Apple has created its own programming language called Swift. Do you ever see Facebook going in the direction with a Facebook-defined software language?
We contribute to a lot of open source groups and technologies, we have React Native that ships on mobile and we have the Open Compute Project for software-defined networks, so we do contribute a lot to existing or new programming languages and that has been the case for many years.
We think we can also help the ecosystem by giving other people some of the technologies we have been building ourselves from scratch like React Native on mobile, which is great for developers.
I am not sure we will have a Facebook programming language, but we do try to contribute to the improvement of the ecosystem this way in terms of standards and quality.
How would you sum up the economic impact of Facebook’s platform?
The Facebook Payments business is a marketplace of approximately $3bn dollars every year. Also, Deloitte’s economic impact study revealed that Facebook’s platform is a $29bn economy in terms of the economic activity that the platform creates. This has created 600,000 jobs and a third of those were in Europe. So, Europe is the biggest driver of the platform economy.
A lot of people think Silicon Valley is the place to be but that is slowly changing. The ecosystem we have in Europe is not just Berlin and London and Paris, it is Barcelona, Helsinki, Tel Aviv, it’s Minsk, Belgrave, Dublin, anyone in a garage with a computer can potentially build a billion-dollar app. The face of the European tech ecosystem has changed a lot and so, for us, the challenge is to identify these guys on day one before they start coding to be the platform they choose to grow.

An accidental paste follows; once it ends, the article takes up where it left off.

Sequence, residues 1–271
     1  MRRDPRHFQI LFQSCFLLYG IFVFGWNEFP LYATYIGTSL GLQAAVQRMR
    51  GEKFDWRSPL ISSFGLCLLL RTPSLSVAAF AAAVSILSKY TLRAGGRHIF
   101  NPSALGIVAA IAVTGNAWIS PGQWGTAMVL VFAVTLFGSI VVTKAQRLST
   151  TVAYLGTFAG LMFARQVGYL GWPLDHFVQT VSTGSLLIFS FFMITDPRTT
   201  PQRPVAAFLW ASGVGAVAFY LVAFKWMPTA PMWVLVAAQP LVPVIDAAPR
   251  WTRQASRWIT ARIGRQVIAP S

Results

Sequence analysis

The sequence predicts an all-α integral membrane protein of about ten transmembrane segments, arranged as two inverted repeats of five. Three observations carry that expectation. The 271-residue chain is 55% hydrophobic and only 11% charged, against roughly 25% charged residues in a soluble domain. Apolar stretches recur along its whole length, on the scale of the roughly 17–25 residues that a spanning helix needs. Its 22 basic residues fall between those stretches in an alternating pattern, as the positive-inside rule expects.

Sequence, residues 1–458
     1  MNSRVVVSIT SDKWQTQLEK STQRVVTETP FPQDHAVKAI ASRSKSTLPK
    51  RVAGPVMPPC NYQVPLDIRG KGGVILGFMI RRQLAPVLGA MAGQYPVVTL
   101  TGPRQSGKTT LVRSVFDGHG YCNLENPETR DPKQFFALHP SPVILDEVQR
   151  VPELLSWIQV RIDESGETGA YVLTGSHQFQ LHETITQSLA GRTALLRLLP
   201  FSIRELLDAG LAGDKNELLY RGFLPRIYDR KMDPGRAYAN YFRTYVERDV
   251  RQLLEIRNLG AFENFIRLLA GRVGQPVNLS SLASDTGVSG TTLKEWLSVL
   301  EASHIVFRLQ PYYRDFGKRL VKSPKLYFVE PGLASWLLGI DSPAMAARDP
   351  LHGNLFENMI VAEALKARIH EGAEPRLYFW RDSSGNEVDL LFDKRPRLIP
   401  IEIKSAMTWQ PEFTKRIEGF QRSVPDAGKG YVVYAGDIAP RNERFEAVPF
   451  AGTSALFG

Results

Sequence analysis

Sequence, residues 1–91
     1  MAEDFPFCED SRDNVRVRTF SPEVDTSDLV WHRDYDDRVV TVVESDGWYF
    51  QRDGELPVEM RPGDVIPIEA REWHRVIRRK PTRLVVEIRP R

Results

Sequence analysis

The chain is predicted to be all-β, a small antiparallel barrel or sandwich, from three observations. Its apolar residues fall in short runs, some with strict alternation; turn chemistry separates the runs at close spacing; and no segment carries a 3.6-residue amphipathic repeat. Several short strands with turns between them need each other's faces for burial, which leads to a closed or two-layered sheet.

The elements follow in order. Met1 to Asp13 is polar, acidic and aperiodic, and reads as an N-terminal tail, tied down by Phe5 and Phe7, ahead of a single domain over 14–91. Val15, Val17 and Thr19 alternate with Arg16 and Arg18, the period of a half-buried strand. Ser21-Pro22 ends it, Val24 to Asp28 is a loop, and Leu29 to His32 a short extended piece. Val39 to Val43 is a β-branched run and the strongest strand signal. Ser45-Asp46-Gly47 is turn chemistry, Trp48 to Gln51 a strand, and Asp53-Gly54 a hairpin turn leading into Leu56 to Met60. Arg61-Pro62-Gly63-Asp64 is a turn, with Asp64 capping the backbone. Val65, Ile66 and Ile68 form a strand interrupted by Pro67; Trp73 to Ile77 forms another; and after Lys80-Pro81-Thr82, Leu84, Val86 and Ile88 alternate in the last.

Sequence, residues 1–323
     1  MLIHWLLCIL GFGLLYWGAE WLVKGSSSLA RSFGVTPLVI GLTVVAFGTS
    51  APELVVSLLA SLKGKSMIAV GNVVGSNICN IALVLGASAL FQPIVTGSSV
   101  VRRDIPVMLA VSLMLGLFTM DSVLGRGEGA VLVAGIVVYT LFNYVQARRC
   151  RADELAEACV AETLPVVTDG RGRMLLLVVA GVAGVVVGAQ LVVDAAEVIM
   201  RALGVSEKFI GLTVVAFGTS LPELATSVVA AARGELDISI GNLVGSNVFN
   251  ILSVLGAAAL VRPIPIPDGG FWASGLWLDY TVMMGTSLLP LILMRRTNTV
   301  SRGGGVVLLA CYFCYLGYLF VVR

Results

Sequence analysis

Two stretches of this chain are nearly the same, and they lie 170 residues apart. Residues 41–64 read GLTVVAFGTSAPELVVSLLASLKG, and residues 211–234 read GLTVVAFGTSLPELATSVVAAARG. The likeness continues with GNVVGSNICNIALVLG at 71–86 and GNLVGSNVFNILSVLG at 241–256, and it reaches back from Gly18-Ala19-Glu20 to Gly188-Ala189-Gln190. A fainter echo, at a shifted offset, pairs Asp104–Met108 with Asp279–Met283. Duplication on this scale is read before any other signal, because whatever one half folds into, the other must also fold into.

Because of all this activity, what role does Facebook play in encouraging young people to learn how to code?
Our CEO tries to always promote coding and we also have the FbStart programme for young companies so they can get ad cloud computing resources and software from partners. We promote the job of being a developer in every talk that we do.
How do you think we can make software part of the human dialogue and what will this mean for the future of work?
I remember the days when software was not a business and I also remember the day when I realised software could be a business, which meant that I could have a job, because I just wanted to do software when I was 10 years old. But a lot of people are trying to do it, getting kids to code and learn the languages as early as possible, it is the best thing we can do.
My two sons, who are eight and four, will be developers for sure, even before they learn French, they will be developers. This is because it can create a lot of value, it creates diversity, it can help countries, help new hotspots to emerge, make the world flat.
Look at King.com: when I first met Riccardo Zacconi five years ago he was the CEO of a 10-year-old company employing 50 people. He just sold that company for $6bn. He has hired many talents, these people will leave and set up their own companies. I’m talking about highly sophisticated jobs, not the kind of jobs you can localise overnight. I wish for everyone to have a software job some day.